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Democratic presidential candidates Hillary Clinton (R) is joined on stage by Martin O’Malley (C) and Bernie Sanders for the Iowa Democratic Party's Hall of Fame dinner in Cedar Rapids, Iowa, United States, July 17, 2015. Reuters

The race for the White House continues tonight with the first DNC debate. AEI scholars are available to comment before and after tonight’s showdown. Follow the conversation on Twitter with #AEI2016.

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Reporters get a tour of the room where democratic presidential candidates will debate at the Wynn Hotel in Las Vegas, Nevada October 13, 2015. Reuters

AEI’s Timothy P. Carney poses six questions the CNN moderators should ask the 2016 Democratic presidential contenders during their first debate.

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Before Democratic presidential candidates take the stage for their first primary debate, a panel of experts discuss America’s rapidly changing demography and implications for the 2016 election and beyond.

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Republican presidential candidate Jeb Bush speaks about healthcare reform at the New Hampshire Institute of Politics at Saint Anselm College in Manchester, New Hampshire October 13, 2015.  Reuters

The lack of a Republican alternative on health care, and especially of an alternative that would enable almost everyone to get coverage, has been the great Democratic talking point in the debate over Obamacare. It’s one they may soon have to retire.

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Republican presidential candidate Jeb Bush speaks at the Greater Des Moines Partnership Iowa Caucus Consortium candidate forum in Des Moines, Iowa, October 8, 2015. Reuters

Many important issues face America, but 2016 voters should not give presidential candidates a second look if they cannot persuasively answer national security questions such as those posed here.

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The GOP is scrambling to find a replacement for John Boehner as Speaker of the House after Kevin McCarthy’s withdrawal from the race. Many are calling for Paul Ryan to run, but as of now he has refused to enter the race.

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Resident Scholar Norman Ornstein discusses the chaos within the GOP’s race for speaker and how that disarray expands beyond Washington in the form of a hectic primary season on the Republican side.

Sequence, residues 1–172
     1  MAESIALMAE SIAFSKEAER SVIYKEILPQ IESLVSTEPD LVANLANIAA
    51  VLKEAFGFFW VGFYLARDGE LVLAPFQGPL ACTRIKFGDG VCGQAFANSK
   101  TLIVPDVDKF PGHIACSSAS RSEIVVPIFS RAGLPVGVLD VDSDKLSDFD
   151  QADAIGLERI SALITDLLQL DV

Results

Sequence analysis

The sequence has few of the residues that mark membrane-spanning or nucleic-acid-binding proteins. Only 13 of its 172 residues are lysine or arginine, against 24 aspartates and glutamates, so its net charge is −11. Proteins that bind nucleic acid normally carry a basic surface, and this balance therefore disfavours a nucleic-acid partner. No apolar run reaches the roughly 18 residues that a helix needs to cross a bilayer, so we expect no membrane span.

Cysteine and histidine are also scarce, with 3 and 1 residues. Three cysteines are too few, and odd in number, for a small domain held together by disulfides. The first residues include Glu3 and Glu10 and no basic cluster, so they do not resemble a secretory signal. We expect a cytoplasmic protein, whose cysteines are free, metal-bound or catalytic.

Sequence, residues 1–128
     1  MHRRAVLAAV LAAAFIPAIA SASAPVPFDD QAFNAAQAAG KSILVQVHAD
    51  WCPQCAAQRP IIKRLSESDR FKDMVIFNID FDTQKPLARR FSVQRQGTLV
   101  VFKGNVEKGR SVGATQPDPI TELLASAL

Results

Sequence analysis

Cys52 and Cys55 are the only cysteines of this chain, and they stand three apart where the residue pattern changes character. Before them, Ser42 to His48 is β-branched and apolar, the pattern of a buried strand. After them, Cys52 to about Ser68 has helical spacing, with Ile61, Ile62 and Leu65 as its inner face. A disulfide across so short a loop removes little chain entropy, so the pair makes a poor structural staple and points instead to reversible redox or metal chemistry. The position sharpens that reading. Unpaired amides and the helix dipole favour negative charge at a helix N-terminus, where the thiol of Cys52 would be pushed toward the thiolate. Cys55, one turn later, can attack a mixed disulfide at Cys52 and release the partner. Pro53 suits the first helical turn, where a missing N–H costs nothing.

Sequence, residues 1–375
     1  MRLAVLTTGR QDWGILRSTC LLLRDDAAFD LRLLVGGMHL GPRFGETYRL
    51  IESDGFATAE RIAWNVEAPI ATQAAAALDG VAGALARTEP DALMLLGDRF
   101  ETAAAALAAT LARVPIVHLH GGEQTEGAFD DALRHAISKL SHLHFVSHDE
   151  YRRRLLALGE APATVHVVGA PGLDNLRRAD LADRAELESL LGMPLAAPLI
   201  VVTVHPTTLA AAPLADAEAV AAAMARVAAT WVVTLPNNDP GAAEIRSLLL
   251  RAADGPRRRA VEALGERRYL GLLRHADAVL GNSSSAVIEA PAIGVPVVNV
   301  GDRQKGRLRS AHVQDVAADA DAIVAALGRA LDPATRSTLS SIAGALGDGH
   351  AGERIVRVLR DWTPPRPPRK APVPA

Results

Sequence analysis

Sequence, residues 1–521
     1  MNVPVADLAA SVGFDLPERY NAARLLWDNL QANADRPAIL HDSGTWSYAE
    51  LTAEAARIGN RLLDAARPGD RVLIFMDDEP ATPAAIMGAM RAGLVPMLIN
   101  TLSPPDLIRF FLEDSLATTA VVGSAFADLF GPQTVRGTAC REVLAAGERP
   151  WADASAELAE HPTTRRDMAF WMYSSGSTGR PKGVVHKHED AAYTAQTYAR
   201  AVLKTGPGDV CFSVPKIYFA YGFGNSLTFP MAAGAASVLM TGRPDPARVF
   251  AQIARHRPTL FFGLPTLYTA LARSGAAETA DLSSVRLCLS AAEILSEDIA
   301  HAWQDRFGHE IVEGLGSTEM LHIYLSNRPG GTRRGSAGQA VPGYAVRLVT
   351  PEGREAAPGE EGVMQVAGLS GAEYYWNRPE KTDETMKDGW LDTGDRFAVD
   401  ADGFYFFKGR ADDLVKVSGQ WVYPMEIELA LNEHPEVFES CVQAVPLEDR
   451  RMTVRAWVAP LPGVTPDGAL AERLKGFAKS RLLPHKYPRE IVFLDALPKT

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During primary elections, candidates will often promote policy that they will later back down on in a general election or when they enter office. Hillary Clinton’s economic policy has grown increasingly socialist in response to growing competition from Bernie Sanders.

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House Majority Leader Kevin McCarthy (R-CA) (L) laughs as he addresses questions about his bid to replace retiring House Speaker John Boehner (R-OH) (R) during a news conference after their closed Republican House caucus meeting at the US Capitol in Washington, September 29, 2015. Reuters

House Speaker John Boehner announced that he was leaving, heir apparent Kevin McCarthy abruptly withdrew from the speaker race, and now chaos and confusion seem to rule the GOP.

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U.S. Democratic presidential candidate Hillary Clinton speaks at a campaign event in Davenport, Iowa October 6, 2015.    REUTERS/Jim Young.

You win the presidency, Richard Nixon supposedly observed, by tacking right in the primaries and to the center in the general election. Hillary Clinton seems to be following that strategy except, as a Democrat, she is tacking to the left. This strategy has risks.

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Democratic presidential candidate Hillary Clinton smiles during the Boston Community Forum on Substance Abuse in Boston, Massachusetts October 1, 2015. Reuters

A trillion-dollar tax increase — even one that raises capital gains taxes — might look a whole lot smarter than a reckless, budget-busting $10 trillion tax cut when you are already $20 trillion in debt.

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